Hi I have a few dumb new grad questions. So if lab calls you at 3am and says a patient has gram positive cocci in their blood, and they all ready have it in their urine, which the MD's know about, and are on antibiotics, do you call the MD at 3am and tell him? Do you wait until later or do you not have to call at all?
    Also, as far as MRI's and CT scans go, what does a pt have to be NPO after midnight for? What if CT scans do you need consents for?
    As to the C/S report, luckily, most of the time the micro dept. will not read the follow up culture until the microbiologist comes in at 0900 in the am. So,,, you probably won't need to be faced with this one.

    Unfortunately, most new grads get put on nights when they have to begin to make decisions about when to call the doc. When in doubt, call. You can always go through your charge nurse or supervisor when you need a second opinion. But remember, the doc can't make a decision about information he doesn't have, so if something goes wrong, you will be the one with the problem.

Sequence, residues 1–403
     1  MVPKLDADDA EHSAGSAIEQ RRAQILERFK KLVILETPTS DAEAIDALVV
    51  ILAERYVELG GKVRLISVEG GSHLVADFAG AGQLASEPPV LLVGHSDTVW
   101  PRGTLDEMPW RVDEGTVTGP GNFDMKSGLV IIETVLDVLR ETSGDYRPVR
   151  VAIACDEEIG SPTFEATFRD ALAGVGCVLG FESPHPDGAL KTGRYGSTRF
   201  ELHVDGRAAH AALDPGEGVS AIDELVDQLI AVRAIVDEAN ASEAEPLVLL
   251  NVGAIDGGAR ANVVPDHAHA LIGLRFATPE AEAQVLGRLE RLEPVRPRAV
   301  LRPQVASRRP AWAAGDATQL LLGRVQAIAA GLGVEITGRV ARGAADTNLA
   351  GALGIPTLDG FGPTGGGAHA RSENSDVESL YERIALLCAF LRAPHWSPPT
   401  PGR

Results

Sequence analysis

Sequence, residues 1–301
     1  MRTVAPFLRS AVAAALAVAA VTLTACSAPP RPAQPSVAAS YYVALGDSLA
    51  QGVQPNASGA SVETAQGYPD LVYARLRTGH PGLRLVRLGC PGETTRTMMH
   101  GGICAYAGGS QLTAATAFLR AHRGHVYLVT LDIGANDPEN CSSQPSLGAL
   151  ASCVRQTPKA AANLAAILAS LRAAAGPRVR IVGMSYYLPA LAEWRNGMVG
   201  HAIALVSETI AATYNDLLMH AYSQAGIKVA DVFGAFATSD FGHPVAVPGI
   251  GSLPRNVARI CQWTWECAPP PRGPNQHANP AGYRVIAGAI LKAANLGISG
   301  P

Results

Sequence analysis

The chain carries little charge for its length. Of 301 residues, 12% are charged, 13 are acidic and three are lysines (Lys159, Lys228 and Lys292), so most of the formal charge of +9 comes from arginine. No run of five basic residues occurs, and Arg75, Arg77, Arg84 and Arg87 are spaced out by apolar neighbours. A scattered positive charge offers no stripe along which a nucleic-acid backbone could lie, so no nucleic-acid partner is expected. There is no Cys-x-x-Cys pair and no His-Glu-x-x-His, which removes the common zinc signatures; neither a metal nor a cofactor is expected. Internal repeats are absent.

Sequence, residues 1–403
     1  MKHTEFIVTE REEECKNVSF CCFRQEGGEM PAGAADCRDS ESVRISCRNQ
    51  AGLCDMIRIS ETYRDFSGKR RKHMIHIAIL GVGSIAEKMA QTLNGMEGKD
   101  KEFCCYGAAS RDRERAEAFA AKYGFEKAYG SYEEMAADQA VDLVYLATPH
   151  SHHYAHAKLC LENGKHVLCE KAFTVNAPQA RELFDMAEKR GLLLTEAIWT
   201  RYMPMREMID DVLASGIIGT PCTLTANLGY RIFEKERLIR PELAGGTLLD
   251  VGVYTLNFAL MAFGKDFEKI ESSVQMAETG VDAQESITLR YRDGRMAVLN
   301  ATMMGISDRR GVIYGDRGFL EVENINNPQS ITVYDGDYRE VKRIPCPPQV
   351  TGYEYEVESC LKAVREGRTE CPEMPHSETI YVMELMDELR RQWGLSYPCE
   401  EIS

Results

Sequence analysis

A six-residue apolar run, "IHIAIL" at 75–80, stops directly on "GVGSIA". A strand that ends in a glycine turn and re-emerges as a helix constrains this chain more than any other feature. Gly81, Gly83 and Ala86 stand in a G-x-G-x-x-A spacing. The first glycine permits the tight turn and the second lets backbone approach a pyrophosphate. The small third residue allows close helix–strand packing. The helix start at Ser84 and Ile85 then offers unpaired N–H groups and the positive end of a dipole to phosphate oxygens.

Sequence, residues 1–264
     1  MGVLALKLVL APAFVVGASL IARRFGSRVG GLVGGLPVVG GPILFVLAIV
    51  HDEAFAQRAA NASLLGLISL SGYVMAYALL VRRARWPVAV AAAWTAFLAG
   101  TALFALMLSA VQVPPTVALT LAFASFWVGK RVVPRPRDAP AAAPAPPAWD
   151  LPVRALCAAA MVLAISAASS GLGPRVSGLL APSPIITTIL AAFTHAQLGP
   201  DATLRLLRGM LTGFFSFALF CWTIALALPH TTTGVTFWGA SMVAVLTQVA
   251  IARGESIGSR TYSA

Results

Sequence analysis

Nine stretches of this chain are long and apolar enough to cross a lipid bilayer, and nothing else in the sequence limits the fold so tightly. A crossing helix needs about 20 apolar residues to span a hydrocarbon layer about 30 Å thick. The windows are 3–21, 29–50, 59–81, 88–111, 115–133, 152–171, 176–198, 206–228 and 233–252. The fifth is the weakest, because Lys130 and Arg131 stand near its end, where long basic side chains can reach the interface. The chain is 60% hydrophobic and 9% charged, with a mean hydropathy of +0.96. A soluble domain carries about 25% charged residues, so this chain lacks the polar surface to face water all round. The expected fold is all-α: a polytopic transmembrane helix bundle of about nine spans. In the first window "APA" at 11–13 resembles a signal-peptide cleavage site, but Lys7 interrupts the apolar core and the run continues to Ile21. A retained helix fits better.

4. by   DutchgirlRN
    I work days so I don't have this issue but I do know that when I tell a physician that the blood was postive for gram+cocci they are like "ok they're already on antibiotics, lets wait and check the sensitivity.
  5. by   Daytonite
    RE, the labwork. . .I would call the doctor as the last thing I did before leaving at 7am or 7:30am (the doc will be awake by then). If these blood cultures were done just before antibiotics were started and the patient's v.s. are otherwise stable, notifying the MD can wait a couple of hours until the sun rises.